condition of architecture in this country will be looked for by foreign critics on the grounds of the World's Columbian Exposition; but they will find it rather in the latest commercial, educational, and domestic structures in and near our larger cities. By these our architecture should be judged. It is true that the industrial palaces of our Exposition will be larger in area than any which have preceded them, and will surpass in this respect even the imperial villas and baths of the ancient Romans. But they will be an unsubstantial pageant of which the concrete elements will be a series of vast covered inclosures, adjusted on architectural plans to the most lucid classification and the most effective arrangement of the materials of the Exposition, and faced with a decorative mask of plaster composition on frames of timber and iron, as the Romans of the Empire clothed their rough structures of cement and brick with magnificent architectural veneers of marbles, bronze, and sculpture. Mr. Burnham, the Chief of Construction, rubs his wonderful lamp of Aladdin in his office at Chicago, and the sudden result is an exhalation, a vast phantasm of architecture, glittering with domes, towers, and banners, like the vision of Norumbega, which presently will fade and leave no trace behind. But these shapes do not make themselves. There is, it is true, a creative energy, followed by an apparition of palaces and pavilions; but between the energy and the apparition are the consultations, the experiments, the studies of a very palpable board of representative architects of the nation, who have learned that this great architectural improvisation requires as much of their zeal, labor, knowledge, and professional experience as if they were planning to build with monumental stone and marble. However temporary the buildings, the formative motives behind them will be on trial before the world; for these motives, disembarrassed as they have been, to a great extent, of the usual controlling considerations of structure and cost, and concentrated upon the evolution of purely decorative forms, have made demands upon our resources of art such, perhaps, as have been required by no previous emergency in architecture.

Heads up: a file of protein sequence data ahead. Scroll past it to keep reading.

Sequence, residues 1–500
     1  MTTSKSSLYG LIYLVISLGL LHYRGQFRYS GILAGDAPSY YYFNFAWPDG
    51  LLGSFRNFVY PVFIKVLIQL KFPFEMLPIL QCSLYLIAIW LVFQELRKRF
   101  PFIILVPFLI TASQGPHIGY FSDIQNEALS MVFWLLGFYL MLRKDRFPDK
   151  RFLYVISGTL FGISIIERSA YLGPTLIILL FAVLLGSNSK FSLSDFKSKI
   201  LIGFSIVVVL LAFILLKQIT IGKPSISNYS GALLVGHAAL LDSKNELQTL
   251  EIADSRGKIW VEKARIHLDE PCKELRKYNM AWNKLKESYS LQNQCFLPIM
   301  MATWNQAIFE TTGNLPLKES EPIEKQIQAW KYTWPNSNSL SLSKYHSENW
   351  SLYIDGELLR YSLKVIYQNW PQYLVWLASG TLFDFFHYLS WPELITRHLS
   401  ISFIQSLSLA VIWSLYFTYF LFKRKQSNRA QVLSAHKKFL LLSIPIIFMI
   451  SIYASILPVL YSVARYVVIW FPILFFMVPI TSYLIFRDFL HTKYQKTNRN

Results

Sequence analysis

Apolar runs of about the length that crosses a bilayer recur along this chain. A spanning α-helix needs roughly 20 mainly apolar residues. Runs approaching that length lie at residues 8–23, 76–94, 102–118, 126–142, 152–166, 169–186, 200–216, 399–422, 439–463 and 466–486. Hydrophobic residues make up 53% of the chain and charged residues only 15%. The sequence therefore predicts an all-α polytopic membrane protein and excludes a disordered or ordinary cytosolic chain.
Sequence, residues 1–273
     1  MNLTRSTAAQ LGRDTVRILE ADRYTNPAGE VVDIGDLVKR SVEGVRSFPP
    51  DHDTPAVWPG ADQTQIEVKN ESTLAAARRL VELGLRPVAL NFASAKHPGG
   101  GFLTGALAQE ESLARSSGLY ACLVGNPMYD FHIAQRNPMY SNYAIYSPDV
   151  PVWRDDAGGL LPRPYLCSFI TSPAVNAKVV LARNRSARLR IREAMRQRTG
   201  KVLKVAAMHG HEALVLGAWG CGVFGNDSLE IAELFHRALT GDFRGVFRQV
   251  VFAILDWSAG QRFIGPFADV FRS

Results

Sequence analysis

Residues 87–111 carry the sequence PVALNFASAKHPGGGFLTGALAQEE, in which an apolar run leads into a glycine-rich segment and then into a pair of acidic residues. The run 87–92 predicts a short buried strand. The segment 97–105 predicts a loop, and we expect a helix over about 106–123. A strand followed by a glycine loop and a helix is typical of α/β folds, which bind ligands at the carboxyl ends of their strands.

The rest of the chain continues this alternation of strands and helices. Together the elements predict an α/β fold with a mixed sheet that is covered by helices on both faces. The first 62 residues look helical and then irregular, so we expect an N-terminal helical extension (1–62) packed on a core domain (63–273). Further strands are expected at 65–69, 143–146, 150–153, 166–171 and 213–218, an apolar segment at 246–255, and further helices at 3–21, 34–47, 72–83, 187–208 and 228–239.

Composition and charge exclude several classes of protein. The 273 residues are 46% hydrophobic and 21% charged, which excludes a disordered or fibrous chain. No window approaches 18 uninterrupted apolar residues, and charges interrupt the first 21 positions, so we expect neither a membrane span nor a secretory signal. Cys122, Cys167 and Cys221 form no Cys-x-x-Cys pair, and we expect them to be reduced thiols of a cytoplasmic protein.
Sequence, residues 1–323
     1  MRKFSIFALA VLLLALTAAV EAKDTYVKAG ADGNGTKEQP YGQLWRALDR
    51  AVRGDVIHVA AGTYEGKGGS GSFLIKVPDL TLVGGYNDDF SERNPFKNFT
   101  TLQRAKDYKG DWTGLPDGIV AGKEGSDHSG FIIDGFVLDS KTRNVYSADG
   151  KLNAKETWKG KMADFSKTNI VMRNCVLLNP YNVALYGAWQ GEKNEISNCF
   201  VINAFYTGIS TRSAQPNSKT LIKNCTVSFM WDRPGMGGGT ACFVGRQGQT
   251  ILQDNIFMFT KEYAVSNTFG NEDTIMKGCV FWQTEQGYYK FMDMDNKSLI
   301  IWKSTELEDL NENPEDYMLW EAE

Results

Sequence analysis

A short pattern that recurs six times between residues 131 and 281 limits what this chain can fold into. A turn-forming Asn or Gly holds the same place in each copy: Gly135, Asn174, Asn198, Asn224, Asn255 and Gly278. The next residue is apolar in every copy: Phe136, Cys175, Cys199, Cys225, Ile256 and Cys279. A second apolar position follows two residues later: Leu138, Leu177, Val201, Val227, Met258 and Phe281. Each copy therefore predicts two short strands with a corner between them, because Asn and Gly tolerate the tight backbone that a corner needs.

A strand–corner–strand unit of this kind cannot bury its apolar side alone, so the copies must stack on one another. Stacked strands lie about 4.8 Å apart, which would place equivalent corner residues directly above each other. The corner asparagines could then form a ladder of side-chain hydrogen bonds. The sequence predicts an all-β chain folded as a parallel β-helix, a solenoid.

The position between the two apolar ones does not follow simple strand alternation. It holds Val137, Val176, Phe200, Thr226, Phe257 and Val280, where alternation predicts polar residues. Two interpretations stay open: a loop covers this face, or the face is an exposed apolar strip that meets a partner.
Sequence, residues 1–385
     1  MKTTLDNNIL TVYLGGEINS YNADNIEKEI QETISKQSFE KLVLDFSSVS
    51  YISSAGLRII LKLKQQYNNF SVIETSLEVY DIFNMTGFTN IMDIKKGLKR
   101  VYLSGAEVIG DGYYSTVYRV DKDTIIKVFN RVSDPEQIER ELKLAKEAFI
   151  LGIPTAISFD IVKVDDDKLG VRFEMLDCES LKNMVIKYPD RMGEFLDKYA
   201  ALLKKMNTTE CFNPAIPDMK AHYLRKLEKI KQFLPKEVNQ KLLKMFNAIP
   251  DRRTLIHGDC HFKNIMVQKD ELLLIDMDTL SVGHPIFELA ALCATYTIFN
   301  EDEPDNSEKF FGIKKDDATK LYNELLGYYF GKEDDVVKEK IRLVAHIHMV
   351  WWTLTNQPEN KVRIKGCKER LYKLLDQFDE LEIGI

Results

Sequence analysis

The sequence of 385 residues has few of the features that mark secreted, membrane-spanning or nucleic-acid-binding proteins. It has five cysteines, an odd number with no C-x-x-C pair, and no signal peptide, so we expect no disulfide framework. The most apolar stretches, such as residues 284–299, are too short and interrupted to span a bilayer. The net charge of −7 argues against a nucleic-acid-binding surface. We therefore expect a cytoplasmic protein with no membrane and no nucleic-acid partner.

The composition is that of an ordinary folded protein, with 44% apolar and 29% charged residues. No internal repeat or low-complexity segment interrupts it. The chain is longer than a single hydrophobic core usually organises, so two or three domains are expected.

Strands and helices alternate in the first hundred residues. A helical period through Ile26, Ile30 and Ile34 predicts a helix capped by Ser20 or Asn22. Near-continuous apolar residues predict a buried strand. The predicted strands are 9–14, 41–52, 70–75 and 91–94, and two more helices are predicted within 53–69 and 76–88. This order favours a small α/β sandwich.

The liberality exhibited by the management and by the architects of Chicago toward their brethren summoned from other cities has been more than generous. To the latter were assigned all the buildings around the great court, a compliment which involved the most serious responsibilities, and of which the only adequate recognition could be an especial effort to justify it. In view of the fact that these buildings had a mutual dependence much more marked than